FARC Terrorists, Computer Hardrives, Colombian Free Trade Deal
The FARC Jones Boy & Congressman James McGovern
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Dead men talk and in the Colombian-Ecuadorian jungle, they talk loudly about Congressman James McGovern (D-Mass).
The media-downplayed hard drive recovered from the computer of killed Colombian guerilla Raul Reyes, No. 2 in command of the Colombian FARC, tells a tawdry tale of the opposition of House Democrats to the US. -Colombia Free Trade Agreement.
“Some Democrats oppose the Colombia trade deal because they sympathize more with FARC’s terrorists than with a U.S. antiterror ally (Colombia)”
(The Wall Street Journal, March 25, 2008).
“Congressman McGovern is now arguably as well known to average Colombians as he is among his own Massachusetts constituents,” Ernesto Pardo, of the Bogotá Free Planet (BFP) told Canada Free Press (CFP) this morning.
Killed in a military strike three weeks ago, Raul Reyes’ career to take over FARC leadership ended on the jungle floor. Retrieved by authorities, his computer reveals a brisk business with the FARC by anti-Colombian government Congressman James McGovern, a leading opponent of the free-trade deal.
As things turn out, McGovern has been working with an American go-between, who has been offering FARC terrorists help in undermining Colombian’s duly elected government.
The spotlight for siding with Colombian terrorists has thus far been on big-talking Venezuelan President Hugo Chavez.
Somewhat like the anti-American Chavez, McGovern’s press office says the Congressman is merely working at the behest of families whose relatives are held as FARC kidnap hostages.
Although a few politicians have been released by FARC in the high profile, Chavez-led negotiations, not a single average citizen—some held for more than a decade—has ever been set free.
Although he may sound like a traitor to free people everywhere, McGovern’s office describes the congressman’s go-between, James C. Jones, as a “development expert and a former consultant to the United Nations.”
Riveting accounts of Jones’ dialogue with the FARC appeared in Colombia’s popular Semana magazine on March 15.
The FARC Jones Boy should not be mistaken for the former Congressman and ambassador to Mexico of the same name, who hails from Oklahoma.
Jones seems to have felt he was speaking for all of Washington, DC in his letters to the captors of some 700 known hostages. “Receive my warm greetings, as always, from Washington,” Jones began in a letter to FARC last fall. “The big news is that I spoke for several hours with the Democratic Congressman James McGovern. In the meeting we had the opportunity to exchange some ideas that will be, I believe, of interest to the FARC-EP (popular army).”
Like an actor in an Oliver Stone-directed movie, Jones added that “a fundamental problem is that the FARC does not have, strategically, a spokesman that can communicate directly with persons of influence in my country like Mr. McGovern.”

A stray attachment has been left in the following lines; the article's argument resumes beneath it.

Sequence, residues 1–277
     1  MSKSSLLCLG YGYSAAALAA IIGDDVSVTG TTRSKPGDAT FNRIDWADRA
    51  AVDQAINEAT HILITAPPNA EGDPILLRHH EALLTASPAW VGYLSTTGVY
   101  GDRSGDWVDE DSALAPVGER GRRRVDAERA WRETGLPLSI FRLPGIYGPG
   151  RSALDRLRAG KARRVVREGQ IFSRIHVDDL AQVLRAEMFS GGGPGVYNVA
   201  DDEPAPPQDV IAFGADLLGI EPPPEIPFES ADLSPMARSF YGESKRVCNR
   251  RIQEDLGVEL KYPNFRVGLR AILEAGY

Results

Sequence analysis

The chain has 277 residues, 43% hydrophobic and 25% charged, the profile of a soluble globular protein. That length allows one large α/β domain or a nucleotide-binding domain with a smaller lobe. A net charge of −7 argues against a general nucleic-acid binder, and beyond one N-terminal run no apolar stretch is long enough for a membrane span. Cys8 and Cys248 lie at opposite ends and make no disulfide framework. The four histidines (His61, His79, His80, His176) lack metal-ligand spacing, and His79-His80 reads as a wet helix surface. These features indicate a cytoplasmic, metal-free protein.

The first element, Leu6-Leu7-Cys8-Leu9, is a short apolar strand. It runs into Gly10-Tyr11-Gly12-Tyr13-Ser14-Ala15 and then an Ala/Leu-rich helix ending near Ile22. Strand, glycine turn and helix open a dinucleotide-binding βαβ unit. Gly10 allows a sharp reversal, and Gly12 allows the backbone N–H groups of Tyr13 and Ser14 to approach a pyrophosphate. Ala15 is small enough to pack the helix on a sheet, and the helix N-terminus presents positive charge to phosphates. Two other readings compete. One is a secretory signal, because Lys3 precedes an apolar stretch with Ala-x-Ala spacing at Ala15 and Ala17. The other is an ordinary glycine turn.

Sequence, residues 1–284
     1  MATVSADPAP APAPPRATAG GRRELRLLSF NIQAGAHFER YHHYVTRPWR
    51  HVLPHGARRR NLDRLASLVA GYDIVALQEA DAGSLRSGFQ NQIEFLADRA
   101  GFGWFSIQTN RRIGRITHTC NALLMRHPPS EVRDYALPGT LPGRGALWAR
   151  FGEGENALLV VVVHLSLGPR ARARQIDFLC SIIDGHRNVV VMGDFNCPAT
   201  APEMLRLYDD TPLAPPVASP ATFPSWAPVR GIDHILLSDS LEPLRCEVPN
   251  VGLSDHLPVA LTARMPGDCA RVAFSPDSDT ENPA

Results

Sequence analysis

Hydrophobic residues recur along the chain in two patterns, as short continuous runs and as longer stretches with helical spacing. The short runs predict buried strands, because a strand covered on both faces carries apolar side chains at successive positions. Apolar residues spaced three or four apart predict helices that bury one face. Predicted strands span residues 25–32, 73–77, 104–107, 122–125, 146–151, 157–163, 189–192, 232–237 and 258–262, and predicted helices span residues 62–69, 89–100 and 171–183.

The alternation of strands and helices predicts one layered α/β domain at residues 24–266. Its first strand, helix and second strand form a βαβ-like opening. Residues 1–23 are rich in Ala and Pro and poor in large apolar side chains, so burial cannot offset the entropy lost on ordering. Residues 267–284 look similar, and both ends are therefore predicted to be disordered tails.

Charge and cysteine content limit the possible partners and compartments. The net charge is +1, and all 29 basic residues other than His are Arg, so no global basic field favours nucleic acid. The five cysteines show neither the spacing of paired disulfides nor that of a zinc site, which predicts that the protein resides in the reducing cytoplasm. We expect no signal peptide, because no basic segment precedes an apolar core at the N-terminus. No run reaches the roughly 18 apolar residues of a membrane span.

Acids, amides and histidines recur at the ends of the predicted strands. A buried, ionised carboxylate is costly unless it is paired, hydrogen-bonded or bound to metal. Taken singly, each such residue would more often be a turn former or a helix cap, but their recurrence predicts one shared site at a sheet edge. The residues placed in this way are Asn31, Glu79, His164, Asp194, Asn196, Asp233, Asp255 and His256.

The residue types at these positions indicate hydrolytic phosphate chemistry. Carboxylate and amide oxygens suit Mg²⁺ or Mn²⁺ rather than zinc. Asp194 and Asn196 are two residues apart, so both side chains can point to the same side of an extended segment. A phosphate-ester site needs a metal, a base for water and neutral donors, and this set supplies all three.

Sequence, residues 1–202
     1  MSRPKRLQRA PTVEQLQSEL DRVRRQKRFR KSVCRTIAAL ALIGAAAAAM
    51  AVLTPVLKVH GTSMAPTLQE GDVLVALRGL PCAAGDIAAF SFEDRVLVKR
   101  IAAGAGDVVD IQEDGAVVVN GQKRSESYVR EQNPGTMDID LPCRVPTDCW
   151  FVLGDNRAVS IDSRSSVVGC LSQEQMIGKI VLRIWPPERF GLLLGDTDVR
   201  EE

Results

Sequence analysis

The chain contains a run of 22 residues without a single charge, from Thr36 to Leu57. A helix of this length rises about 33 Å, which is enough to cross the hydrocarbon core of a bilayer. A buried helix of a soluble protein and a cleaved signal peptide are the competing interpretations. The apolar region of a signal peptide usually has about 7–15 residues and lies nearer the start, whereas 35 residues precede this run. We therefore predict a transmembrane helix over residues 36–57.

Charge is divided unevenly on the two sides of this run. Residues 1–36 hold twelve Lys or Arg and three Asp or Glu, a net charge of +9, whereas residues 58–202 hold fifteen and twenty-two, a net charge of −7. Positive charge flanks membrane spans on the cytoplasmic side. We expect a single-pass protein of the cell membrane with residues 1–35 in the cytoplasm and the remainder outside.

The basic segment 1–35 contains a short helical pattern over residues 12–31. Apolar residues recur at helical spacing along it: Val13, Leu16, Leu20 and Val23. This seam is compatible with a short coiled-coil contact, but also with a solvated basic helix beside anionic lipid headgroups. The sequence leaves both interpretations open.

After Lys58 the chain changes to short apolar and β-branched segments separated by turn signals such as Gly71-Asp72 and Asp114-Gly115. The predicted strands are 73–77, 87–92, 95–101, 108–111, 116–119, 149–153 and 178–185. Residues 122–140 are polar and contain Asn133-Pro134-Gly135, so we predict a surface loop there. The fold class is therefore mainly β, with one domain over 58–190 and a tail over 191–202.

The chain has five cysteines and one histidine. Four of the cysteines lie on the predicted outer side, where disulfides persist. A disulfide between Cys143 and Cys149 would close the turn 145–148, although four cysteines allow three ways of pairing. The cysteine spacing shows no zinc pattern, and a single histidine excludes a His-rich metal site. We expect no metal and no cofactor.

Courtesy of Semana magazine, we know that in the recovered documents Jones rules himself out as the spokesman, offering himself instead as a “bridge” of communication between the FARC and the congressman.
Semana reports that when it spoke with Jones, he verified the letter and explained that “he made the offer because the guerrillas need interlocutors if they want to achieve peace and that it is a mistake to isolate them.”
Just to think that most Colombians feel it is the FARC captors who are isolated in FARC’s infamous jungle jails.
Semana tells all about Jones’ proposals to the FARC, which included a Caracas meeting with representatives of Venezuela, Colombia, the FARC, other South American countries, U.S. Congressmen and the Catholic Church. “It would be almost impossible for (Colombian President Alvaro) Uribe to reject such a meeting,” Jones wrote FARC. “without burning himself lot, nationally and internationally. If he persists in being against it, I have understood that there are ways to pressure him from my country (the U.S.).”
That’s more than an empty threat when it is considered that boss man McGovern is the author of a resolution that would force President George Bush to end the war in Iraq.
Now that the Wall Street Journal spotlight has found his words, Jones says his comments were taken out of context. He wants it known that he is not in favor of the “violent methods of the guerilla” or “the military solutions” of the government.
Jones told Semana, he had only a “professional relationship” with the FARC and had to address them as he did because he had to build trust.
For its part, McGovern’s office should have no difficulty convincing the mainstream media that it knew what Mr. Jones was doing and engaged with him because “we need to find an interlocutor who could discuss these things including the safe haven” for the FARC.
Make that a “professional relationship with murderers” on behalf of the Hugo Chavez of American Congress.